About the same time Joe was involved in a serious road accident in Perth which left him with permanent injuries, He would limp for the rest of his life, and the driver of the vehicle died two weeks after the accident from injuries he sustained.
In 1928 it was discovered that the Jensen family were interested in moving to Hobart so a property swap was made and the Lyons family returned to Home Hill.
Joe was elected to Federal Parliament in 1929 and the family went through a period of great upheaval and travel. In 1930 the family moved to Melbourne for ten months, and over the next nine years they all divided their time between Home Hill, Melbourne and Canberra, but there were many journeys overseas.
While Joe was serving as Premier of Tasmania and Prime Minister of Australia the more striking room in the property (dubbed the ‘Wedgewood Room’ after the design of the wallpaper) was repurposed as a dedicated office.
It was in this room on 25 March 1936 that Joe took the first interstate phone call to Tasmania via a new submarine cable across Bass Strait.
Over the years the home underwent significant changes as the size of the family grew and so their priorities changed. In 1935 major alterations were made that included a larger kitchen and dining area, and the addition of a dormitory and bedrooms in new ‘wings’ on either side of the original house.
After Joe’s death in 1939 Enid suffered from ‘nervous exhaustion’ and spent some time in hospital. Enid was left 344 pounds from her husband’s estate. In the absence of any parliamentary pension the government under caretaker drafted legislation to provide an annuity of 500 pounds for her seven dependent children through to the age of sixteen and another 500 pounds for her own care. Enid accepted for the children but declined the annuity for herself.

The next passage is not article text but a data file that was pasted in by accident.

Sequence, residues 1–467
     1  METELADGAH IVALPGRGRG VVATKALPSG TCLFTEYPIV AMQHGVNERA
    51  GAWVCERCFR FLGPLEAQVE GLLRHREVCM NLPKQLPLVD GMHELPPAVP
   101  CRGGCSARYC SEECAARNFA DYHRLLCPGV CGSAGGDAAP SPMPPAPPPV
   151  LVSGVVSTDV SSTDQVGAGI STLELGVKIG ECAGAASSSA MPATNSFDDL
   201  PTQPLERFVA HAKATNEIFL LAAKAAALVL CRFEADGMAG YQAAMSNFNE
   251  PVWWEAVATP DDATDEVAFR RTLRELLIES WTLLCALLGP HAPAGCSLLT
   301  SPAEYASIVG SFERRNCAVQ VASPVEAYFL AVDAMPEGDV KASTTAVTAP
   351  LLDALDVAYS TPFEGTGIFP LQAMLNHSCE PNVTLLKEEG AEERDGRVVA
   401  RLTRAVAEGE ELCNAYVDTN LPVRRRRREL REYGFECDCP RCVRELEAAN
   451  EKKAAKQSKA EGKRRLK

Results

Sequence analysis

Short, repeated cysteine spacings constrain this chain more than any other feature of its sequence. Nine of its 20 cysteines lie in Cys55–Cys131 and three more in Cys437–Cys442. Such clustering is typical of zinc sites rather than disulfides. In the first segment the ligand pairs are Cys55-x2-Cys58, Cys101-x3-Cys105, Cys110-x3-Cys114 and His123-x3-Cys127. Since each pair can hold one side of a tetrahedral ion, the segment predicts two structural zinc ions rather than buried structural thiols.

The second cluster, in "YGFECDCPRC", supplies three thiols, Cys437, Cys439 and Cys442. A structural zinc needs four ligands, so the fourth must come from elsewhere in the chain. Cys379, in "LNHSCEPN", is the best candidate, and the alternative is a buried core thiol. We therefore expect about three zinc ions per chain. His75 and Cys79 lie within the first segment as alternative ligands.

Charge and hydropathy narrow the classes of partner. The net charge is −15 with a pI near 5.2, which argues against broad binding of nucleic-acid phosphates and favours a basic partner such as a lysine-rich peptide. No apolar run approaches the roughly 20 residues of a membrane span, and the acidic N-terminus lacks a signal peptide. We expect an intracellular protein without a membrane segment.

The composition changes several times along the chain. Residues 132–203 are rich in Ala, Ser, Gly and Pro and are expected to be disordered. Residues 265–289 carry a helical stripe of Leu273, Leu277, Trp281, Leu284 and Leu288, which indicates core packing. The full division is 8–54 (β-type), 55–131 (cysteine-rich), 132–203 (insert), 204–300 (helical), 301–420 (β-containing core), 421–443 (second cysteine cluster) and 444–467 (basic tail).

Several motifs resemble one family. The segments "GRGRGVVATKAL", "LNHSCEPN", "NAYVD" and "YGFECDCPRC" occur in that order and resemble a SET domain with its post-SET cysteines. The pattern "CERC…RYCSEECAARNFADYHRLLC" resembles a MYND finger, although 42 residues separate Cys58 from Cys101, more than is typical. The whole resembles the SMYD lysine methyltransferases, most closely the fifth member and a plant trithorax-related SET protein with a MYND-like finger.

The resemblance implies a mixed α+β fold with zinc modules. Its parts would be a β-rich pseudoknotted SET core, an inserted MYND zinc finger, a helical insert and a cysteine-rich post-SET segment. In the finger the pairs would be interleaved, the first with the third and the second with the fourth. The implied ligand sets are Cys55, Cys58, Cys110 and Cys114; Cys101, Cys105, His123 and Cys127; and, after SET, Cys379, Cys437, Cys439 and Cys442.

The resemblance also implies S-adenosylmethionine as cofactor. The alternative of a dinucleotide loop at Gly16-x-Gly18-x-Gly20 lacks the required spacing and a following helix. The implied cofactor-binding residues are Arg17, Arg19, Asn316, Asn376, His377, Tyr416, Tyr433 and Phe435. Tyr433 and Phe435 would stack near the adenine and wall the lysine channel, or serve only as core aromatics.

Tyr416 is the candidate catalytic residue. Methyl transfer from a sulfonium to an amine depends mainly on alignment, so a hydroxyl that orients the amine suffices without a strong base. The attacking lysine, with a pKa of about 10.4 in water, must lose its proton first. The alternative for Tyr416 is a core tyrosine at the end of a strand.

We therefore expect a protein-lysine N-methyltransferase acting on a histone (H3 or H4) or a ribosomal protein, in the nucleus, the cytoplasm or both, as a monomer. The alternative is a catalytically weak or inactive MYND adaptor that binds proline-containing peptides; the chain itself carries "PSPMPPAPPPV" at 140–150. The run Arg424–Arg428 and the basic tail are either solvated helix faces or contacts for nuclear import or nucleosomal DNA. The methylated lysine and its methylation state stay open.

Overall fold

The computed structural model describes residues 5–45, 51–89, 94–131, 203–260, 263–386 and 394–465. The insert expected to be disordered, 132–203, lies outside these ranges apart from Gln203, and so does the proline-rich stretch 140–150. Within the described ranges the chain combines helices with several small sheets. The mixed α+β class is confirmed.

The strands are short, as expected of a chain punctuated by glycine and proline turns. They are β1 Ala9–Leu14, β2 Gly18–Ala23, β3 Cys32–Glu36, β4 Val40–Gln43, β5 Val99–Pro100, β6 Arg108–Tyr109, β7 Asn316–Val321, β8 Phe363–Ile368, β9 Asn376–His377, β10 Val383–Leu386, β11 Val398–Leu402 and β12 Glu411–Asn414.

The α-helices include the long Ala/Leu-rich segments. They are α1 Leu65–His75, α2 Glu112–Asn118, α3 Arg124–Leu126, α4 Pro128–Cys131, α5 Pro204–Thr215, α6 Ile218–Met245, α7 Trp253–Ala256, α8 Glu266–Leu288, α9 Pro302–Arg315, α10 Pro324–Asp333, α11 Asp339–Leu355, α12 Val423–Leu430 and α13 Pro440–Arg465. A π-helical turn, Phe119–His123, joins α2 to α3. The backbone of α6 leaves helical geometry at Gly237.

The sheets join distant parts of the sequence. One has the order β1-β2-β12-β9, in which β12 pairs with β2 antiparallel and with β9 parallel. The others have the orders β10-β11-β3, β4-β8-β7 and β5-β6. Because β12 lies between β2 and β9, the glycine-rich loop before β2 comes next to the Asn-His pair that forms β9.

In 1943, after Joe’s death, Enid Lyons was the first woman elected to the House of Representatives and the first woman to serve in federal cabinet. She served as the Vice President of the Executive Council in Menzies Government from 1949 to 1951. She retired from parliament after three terms but remained involved in public life as a board member of the ABC, and as a social commentator. She wrote several books.
In the 1950s the last major changes were brought on by the children leaving the nest, and the reduced need for bedroom space allowed for a dedicated pantry, library and relaxation room.
Dame Enid was remarkably hands on through all the alterations and very money wise. She absolutely loved wallpaper and was a perfectionist in everything she did. There is an anecdote from some of her children, who arrived to visit her when she was in her seventies and found her in one of the bathrooms putting wallpaper on the roof.
She also bought wallpaper for her bedroom (she never went back to the room she shared with Joe after he passed away, and the National Trust has set it up as it was when it was Joe’s office) and had made the bed coverings, lamp shades etc in a pale pink. However, when the wallpaper arrived it was too green, so she put it up on the walls and then proceeded to paint the very green areas in a pale pink. (Photos of that one)
She also chose an extremely expensive wallpaper for her library and contracted the hanging out to a professional. After the first day’s work when she realised that the contractor had made no effort to line the pattern up but had hung it wherever, she tore up the contract, pulled the wallpaper from where it had been hung (kept it though) and proceeded to hang it herself.